Court Upholds Calif. School’s Ban on Clothing With U.S. Flag
MORGAN HILL, Calif. – A federal appellate court upheld Live Oak High School’s decision to ban flags and other patriotic symbols on campus.
The case arose from a 2010 incident where students wore clothing featuring an American flag during Cinco de Mayo, the Mexican holiday celebrating Mexico victory at the Battle of Puebla. School officials told the students that they would be suspended if they didn’t turn their shirts bearing the flag’s image inside out.
The parents of the students argued that the policy was a violation of the First Amendment.
However, the 9th U.S. Circuit Court of Appeals disagreed with the parents and instead sided with the high school’s principal, who said the idea was to prevent violence among students. The three-judge panel ruled that the school’s decision to ban all patriotic paraphernalia during the Mexican holiday “kept students safe in a climate of racial tension,” News Fix reports.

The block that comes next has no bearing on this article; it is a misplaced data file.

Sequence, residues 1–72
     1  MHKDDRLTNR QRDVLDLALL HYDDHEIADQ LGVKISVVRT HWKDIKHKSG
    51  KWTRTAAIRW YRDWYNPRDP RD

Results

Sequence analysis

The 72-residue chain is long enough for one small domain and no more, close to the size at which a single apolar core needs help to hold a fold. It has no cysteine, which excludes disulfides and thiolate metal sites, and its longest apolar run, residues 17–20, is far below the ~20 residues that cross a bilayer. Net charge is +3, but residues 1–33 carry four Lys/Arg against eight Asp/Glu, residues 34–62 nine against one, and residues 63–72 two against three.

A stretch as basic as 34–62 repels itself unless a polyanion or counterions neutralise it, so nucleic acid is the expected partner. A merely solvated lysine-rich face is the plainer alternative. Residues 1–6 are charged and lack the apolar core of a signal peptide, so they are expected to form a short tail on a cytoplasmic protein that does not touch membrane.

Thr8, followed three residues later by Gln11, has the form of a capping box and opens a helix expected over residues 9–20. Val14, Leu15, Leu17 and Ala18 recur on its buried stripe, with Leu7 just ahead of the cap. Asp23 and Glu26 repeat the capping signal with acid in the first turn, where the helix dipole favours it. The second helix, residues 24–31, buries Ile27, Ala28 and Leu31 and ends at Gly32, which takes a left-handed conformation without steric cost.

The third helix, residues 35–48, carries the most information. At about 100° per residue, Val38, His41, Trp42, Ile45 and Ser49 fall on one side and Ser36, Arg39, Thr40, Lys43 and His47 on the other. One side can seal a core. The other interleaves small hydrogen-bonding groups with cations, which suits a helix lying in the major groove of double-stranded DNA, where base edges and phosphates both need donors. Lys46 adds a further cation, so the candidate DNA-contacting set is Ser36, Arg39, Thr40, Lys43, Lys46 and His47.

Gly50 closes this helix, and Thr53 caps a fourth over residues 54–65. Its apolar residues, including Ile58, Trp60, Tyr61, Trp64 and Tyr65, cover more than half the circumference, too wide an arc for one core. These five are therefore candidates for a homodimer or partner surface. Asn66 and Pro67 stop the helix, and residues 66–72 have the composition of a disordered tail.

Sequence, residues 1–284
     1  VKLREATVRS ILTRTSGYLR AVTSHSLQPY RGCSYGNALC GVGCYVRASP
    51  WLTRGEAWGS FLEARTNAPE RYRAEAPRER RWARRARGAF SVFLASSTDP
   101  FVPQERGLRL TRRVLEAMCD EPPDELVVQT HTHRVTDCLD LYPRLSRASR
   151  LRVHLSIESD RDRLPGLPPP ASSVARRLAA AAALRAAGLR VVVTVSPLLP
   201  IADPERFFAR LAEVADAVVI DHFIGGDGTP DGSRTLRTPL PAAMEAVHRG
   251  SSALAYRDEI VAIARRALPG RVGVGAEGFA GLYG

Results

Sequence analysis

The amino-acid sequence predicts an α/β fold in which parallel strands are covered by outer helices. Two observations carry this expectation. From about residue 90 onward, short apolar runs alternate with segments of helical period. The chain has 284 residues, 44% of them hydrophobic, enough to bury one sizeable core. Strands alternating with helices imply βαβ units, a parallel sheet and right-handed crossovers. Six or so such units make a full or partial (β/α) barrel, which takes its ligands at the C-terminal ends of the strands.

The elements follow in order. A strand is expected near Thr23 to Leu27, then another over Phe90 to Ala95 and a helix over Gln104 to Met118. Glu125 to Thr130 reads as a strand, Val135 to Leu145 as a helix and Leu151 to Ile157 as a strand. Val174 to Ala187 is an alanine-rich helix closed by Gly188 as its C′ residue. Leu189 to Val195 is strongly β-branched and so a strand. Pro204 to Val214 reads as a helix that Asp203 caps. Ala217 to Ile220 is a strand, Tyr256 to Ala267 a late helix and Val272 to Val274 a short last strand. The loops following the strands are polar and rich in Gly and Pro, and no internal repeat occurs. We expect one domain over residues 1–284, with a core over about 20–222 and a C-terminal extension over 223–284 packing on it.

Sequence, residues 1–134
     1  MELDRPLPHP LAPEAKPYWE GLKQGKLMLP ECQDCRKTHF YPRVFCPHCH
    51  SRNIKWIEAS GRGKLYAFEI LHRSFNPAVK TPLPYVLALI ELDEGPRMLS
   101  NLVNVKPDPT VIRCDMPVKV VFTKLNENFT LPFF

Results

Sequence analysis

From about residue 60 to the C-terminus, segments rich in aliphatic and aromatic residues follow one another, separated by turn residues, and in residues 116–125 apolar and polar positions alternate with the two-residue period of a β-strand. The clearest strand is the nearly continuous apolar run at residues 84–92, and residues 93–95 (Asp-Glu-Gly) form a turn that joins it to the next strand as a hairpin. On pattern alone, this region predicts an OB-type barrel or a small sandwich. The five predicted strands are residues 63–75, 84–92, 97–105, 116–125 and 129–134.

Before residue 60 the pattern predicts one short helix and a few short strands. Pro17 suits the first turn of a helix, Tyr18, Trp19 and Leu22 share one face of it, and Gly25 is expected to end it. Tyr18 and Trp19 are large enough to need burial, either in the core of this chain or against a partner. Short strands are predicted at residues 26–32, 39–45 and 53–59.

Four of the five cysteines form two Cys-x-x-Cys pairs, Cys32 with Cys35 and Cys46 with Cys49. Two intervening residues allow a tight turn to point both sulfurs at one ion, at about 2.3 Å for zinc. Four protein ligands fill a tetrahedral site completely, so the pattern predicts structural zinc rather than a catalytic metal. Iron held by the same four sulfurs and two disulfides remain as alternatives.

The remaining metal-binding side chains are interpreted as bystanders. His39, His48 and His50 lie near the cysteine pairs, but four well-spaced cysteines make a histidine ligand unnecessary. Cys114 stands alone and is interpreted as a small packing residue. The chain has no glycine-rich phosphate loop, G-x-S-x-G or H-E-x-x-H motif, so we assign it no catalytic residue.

William Becker, a lawyer representing one of the students plans to seek a rehearing of the case before a special 11-judge panel of the appeals court. If that doesn’t go through, he will appeal to the U.S. Supreme Court, NBC Bay Area reports.
The ruling has sparked outrage from many across the nation, including ,” USA Today‘s Jonathan Turley, who wrote in an editorial piece that the most disturbing thing about the decision “is that the court entirely misses the distinction between speech and conduct.”
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